We caught up with one of the stars of Sky Atlantic’s Guerrilla, Daniel Mays.
Guerrilla is about the Black Power Movement in London in the 1970s. Daniel Mays stars alongside Idris Elba and Freida Pinto in an intense story of prejudice, love and violence.
You’re absolutely everywhere at the moment. How does that feel?
Yeah, it just turns out sometimes that everything you work on comes together at the same time. Though I’m pretty exhausted to be honest. I’ve just finished another film, a comedy called Swimming With Men. I’m not necessarily running on empty but I could do with a break. But it’s great, I can’t complain. All of the projects I’ve been involved in are quite diverse and stretch me in different directions as an actor.
How did it feel to be nominated for a BAFTA this year for Line of Duty?
I’d never been nominated for one before, so I was absolutely thrilled. Being acknowledged by your peers is always gratifying. Series three of Line of Duty couldn’t have gone down any better. It just reinforces that an actor’s career can be richer the more you go on. It’s a never-ending process. It’s always been about the long game for.
Tell us a bit about Guerrilla.
It’s about the British Black Power movement in the early 70s. It’s written by the genius John Ridley, who wrote the screenplay for 12 Years A Slave. It was originally about the Black Panthers in America but John was persuaded to transfer the story over to London. He recognsied that an audience could identify with the British black story. But it’s about the magic ‘If’. It’s not truthful in the sense that no black power movement over here took arms. They were all about peace and protests. But John lifts the lid on the Black Power Desk, a controversial special branch of the Met Police that monitored and squashed any black activism. At the heart of the show, though, is a love story between two activists, played brillitntly by Freida Pinto and Babou Ceesay.
How would you describe your character Cullen in Guerrilla?
Cullen is second in command in the Met Police to Rory Kinnear’s character, Pence. They’re very much a double act. Cullen has a great back story in that he’s of Irish descent and he grew up in London — but he’s treated like an immigrant. He can’t quite understand why he’s second in command to Pence, who’s from Rhodesia. So there’s a lot of friciton and no love lost between them.
Cullen is a complex character. He’s a good cop/bad cop rolled into one.
That’s the power of Guerrilla. All of the characters, not just the police, Idris Elba’s character for example, are complex. Living and breathing 3D creations. Nothing is black and white. Even as the activist become more violent they become more fragmented and think “can I go down this path?” And someone like Cullen, his mindset is completely warped for an outsider in 2017 looking back. He turns to violence. He’s incredibly deplorable at times. It puts under the spotlight that relationship with policeman and informant. I really latched onto that in Guerrilla and I worked brilliantly with Denise Gough, my informant. He treats her like a rat in a cage. But they need each other.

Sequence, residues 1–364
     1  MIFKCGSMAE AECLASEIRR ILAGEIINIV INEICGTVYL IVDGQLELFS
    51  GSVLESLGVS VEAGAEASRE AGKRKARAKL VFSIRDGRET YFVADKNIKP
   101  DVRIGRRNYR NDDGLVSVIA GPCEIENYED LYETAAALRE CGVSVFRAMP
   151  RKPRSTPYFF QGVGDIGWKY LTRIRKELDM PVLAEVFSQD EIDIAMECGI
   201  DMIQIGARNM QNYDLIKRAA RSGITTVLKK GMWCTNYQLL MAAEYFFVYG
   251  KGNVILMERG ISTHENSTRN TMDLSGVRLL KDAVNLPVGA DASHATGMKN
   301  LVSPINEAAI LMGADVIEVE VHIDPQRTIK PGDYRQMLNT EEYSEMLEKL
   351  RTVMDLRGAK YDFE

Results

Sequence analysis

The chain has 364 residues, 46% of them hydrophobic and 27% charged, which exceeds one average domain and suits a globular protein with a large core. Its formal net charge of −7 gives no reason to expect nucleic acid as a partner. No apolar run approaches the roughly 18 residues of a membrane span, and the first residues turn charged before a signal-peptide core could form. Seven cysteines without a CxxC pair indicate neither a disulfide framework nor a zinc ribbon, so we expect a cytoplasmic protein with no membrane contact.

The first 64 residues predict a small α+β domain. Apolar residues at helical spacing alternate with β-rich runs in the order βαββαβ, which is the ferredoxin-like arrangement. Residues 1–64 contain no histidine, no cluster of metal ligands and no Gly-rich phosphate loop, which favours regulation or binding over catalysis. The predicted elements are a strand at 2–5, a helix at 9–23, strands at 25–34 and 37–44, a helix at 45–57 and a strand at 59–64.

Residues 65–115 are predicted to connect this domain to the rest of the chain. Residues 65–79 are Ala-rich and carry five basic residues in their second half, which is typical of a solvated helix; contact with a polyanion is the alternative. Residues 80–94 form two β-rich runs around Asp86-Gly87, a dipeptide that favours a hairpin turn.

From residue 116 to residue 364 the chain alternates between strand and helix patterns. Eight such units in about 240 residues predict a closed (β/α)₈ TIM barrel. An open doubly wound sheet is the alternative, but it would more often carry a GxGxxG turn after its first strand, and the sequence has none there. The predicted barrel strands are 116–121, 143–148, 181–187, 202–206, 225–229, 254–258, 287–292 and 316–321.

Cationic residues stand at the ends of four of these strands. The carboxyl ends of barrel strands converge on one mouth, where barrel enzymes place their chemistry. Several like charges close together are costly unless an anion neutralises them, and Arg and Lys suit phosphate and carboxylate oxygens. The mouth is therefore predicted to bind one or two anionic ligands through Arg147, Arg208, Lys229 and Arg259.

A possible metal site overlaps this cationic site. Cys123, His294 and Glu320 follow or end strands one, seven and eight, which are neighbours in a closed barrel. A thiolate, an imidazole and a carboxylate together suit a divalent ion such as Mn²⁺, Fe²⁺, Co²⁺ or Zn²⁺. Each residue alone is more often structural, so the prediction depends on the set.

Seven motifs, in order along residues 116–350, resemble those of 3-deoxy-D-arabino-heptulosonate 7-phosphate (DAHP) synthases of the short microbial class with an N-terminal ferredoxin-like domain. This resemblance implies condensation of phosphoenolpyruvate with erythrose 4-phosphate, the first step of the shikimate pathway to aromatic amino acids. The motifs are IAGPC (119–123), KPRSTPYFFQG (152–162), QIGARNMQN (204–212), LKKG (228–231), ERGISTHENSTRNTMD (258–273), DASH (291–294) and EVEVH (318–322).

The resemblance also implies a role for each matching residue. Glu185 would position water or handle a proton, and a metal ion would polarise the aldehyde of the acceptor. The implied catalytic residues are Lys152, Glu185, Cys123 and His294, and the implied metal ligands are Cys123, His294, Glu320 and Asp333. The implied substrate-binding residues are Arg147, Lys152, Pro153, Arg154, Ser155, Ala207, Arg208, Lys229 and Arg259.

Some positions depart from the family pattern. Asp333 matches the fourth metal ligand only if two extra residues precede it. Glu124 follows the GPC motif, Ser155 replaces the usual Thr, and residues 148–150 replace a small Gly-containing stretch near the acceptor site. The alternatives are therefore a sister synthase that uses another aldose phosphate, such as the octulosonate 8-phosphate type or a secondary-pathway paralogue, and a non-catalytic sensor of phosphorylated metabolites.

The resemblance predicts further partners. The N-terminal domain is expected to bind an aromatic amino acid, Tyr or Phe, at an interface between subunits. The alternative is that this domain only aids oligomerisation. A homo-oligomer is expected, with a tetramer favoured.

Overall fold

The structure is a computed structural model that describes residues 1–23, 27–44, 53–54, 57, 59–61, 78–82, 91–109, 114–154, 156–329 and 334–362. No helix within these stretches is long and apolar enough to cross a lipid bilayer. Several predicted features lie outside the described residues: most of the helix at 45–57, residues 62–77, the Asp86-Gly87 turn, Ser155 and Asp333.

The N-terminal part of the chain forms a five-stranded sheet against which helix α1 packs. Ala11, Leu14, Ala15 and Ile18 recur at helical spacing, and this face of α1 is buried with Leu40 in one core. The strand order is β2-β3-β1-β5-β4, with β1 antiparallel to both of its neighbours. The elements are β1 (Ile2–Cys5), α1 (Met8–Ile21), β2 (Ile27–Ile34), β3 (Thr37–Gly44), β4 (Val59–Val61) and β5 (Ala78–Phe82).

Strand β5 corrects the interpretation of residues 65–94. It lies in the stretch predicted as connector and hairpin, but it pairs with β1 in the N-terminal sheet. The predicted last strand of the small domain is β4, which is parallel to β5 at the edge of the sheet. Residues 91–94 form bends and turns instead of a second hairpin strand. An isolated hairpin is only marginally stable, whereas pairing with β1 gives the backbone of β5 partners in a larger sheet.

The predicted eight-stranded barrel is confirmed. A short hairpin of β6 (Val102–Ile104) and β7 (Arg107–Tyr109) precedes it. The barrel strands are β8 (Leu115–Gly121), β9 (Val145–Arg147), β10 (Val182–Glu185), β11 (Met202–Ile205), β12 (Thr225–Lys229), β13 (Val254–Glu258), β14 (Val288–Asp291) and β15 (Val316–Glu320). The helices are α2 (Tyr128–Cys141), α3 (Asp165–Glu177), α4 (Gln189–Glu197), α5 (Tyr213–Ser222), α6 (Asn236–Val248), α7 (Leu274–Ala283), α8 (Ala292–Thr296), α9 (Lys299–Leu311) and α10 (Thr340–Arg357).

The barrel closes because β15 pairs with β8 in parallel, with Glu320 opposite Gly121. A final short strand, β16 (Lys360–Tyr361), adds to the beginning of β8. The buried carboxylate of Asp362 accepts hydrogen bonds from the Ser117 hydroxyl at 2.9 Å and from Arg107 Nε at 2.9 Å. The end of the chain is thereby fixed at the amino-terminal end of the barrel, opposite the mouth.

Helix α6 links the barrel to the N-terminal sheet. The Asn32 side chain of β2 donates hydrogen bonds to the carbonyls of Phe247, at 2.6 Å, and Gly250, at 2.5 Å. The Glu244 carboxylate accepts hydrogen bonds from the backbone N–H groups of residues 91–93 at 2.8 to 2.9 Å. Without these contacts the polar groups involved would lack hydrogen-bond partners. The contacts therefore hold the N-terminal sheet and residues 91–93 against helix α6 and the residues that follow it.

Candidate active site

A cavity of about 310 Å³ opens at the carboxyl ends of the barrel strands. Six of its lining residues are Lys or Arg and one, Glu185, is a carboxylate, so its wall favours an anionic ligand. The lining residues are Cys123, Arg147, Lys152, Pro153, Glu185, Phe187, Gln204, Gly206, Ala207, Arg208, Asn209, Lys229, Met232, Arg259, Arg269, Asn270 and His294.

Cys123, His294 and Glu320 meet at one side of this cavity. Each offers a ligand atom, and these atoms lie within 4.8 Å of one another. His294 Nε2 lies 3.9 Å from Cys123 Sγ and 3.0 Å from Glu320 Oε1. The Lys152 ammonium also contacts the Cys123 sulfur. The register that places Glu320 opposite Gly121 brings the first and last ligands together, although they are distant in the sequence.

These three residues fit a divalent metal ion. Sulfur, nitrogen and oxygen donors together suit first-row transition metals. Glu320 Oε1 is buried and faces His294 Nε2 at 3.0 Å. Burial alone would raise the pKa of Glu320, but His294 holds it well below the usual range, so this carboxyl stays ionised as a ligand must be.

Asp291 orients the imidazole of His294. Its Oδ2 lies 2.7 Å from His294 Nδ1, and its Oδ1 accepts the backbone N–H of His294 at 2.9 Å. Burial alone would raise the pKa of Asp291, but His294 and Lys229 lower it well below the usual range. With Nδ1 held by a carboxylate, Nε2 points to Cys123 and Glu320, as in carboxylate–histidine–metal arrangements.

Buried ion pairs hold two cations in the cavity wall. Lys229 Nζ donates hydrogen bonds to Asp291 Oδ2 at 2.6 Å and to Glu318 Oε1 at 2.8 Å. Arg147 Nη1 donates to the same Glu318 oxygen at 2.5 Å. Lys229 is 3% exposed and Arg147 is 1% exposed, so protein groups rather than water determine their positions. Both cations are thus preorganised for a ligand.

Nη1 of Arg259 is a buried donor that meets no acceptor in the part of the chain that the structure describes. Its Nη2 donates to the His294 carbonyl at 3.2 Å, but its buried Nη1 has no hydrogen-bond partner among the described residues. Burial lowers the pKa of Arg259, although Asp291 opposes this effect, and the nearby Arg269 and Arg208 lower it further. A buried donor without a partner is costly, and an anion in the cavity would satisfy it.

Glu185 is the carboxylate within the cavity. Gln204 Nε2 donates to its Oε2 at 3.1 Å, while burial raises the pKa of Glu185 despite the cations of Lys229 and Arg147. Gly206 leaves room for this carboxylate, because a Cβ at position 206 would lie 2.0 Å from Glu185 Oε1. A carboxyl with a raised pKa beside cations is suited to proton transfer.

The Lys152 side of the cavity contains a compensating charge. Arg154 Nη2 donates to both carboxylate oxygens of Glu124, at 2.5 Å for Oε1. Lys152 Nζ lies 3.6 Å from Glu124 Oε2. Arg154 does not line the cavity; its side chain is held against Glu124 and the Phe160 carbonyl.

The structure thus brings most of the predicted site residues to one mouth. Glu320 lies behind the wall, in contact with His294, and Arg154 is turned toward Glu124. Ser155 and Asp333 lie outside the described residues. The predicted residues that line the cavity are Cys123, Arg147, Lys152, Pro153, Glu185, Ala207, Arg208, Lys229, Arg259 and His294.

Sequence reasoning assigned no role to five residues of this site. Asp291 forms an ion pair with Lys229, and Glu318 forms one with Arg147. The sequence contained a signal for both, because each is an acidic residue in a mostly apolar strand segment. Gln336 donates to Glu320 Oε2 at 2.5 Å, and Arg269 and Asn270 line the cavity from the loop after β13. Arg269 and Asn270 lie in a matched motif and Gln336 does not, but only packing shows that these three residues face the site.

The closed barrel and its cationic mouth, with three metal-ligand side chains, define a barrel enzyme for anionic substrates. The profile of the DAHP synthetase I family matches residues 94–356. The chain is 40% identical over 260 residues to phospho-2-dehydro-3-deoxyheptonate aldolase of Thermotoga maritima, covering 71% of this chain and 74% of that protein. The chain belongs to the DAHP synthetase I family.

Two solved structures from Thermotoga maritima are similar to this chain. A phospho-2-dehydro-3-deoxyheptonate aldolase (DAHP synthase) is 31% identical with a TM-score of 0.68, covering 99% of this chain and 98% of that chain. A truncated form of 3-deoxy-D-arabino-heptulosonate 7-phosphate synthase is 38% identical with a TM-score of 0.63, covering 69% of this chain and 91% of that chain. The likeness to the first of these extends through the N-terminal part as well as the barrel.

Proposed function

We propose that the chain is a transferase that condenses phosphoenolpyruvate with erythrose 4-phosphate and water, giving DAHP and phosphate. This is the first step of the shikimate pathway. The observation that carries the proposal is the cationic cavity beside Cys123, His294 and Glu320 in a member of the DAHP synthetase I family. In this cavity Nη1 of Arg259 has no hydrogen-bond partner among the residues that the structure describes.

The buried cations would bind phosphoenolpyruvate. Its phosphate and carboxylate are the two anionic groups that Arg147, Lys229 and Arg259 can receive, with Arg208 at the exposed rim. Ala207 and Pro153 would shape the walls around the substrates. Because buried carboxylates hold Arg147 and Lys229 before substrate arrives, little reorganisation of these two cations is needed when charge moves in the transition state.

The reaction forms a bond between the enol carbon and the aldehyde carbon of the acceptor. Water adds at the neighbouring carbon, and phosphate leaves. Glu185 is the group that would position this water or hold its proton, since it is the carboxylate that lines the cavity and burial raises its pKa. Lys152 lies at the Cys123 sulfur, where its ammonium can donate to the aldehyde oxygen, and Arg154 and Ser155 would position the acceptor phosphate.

The violent scene in the pub with Denise Gough. Do you psyche yourself up for something like that?
It’s quite shocking, isn’t it? That’s an example of two actors really having to trust each other and I just commend the bravery of Denise. It wasn’t particularly nice for her. There’s a stunt coordinator and it’s completely safe but there’s a degree of it being unpleasant and uncomfortable to film. It’s a pivotal role for Cullen and comes from nowhere. Up until then the audience, like you say, think he’s the good cop. It makes you think he’s even worse than Pence!
How have children and marriage affected your career?
When you’re a young actor starting out, it’s all about your career, that’s all that matters. Then when kids come into your life you’re no longer then most important person in the room. So you need to adapt. I didn’t want to be one of those actors that when you’re old and grey, all you’ve go to show for it is a long and successful career. Life’s not about that. You can have both that and a family. I’ve got a great partner behind me. The more life experience you have, like kids and marriage, it only makes you a better actor.
Will you send your children to drama school if they show any interest in acting?
If they show an interest in it and feel fulfilled by it then I’d encourage that. The thing is to give them as much opportunity as possible and nurture them and love them. All you really want is for your kids to latch on to something that they enjoy and can apply themselves to.
Finally, if Daniel Mays had the chance to manage Leyton Orient, would he quit acting?
Haha. I wouldn’t last five minues! I’d probably lose it on the touchline too much — certainly if our current chairman still owned the club. I’ll leave that to the professionals.